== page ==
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Study: environmental cost of music higher than ever

Research has shown that the shift towards digital music consumption has caused a spike in carbon emissions, despite cutting out plastics used in vinyl, cassettes and CDs

By Anna Grace on 16 Apr 2019

Environmental cost of music

Dr Matt Brennan

A new study has revealed that the price consumers are willing to pay for listening to music has never been lower, whereas the environmental cost of music consumption is higher than ever before.

Dr Matt Brennan of the University of Glasgow led the research into the changing economic cost of recorded music and Dr Kyle Devine from the University of Oslo spearheaded research of the environmental cost of recording methods.

The study showed that the advent of music streaming platforms has led to a spike in carbon emissions, proving more harmful for the environment than before digitisation, despite cutting out the plastic pollution caused by CDs and vinyl.

“The good news is that overall plastic production in the recording industry has diminished since the heyday of vinyl,” says Devine. “However, the transition towards streaming recorded music from internet-connected devices has resulted in significantly higher carbon emissions than at any previous point in the history of music.”

The research analysed plastic usage within the recording industry at peak years for vinyl, cassette and CD sales in the United States. Vinyl produced 58 million kilograms (kg) of plastic waste in 1977, cassettes produced 56m kg and CDs 61m kg.

The amount of plastics used by the same recording industry had dropped to 8m kg by 2016, due to the advent of streaming.

“The transition towards streaming recorded music from internet-connected devices has resulted in significantly higher carbon emissions”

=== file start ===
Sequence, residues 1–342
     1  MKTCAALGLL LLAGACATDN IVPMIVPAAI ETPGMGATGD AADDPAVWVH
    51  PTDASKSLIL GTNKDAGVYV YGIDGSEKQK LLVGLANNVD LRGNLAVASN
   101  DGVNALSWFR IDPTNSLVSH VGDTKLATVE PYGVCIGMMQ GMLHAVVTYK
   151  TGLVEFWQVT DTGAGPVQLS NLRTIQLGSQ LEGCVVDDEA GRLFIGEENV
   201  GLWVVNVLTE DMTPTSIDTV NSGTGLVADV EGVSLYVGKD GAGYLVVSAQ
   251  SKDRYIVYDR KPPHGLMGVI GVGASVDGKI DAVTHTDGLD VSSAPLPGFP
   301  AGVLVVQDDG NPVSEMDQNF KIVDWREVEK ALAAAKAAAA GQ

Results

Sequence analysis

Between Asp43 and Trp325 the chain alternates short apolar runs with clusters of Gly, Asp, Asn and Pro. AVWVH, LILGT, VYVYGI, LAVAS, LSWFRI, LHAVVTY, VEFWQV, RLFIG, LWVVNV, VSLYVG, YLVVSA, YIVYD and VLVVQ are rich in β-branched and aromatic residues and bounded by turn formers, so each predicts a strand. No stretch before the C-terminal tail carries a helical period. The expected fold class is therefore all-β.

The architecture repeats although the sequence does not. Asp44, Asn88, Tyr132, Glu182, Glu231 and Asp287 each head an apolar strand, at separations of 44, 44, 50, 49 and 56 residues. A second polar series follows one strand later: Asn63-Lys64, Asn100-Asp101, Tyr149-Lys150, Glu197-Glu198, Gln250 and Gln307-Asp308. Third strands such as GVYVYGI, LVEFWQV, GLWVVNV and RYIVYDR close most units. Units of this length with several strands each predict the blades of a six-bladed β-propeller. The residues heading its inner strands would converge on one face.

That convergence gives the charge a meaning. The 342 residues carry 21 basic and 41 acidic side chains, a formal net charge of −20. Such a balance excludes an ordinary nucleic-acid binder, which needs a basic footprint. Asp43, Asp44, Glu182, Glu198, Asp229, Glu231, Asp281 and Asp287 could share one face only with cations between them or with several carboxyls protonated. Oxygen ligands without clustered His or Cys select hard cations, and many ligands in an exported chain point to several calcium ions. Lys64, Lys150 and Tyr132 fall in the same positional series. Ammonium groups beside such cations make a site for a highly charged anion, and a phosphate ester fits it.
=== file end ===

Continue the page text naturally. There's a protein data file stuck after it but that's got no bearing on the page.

“These figures seem to confirm the widespread notion that music digitalised is music dematerialised. The figures may even suggest that the rises of downloading and streaming are making music more environmentally friendly,” says Devine.

“But a very different picture emerges when we think about the energy used to power online music listening. Storing and processing music online uses a tremendous amount of resources and energy – which has a high impact on the environment,” adds Devine.

The research translates the production of plastics and the electricity generated by storing and transmitting audio files into greenhouse gas equivalents (GHGs), in order to directly compare the overall environmental impact.

By 2016, music consumption generated GHGs of between 200m kg and 350m kg in the US alone, as compared to vinyl (140m kg), cassettes (136m kg) and CDs (157m kg).

“The point of this research is not to tell consumers that they should not listen to music, but to gain an appreciation of the changing costs involved in our music consumption behaviour,” says Brennan.

“We hope the findings might encourage change toward more sustainable consumption choices and services that remunerate music creators while mitigating environmental impact.”


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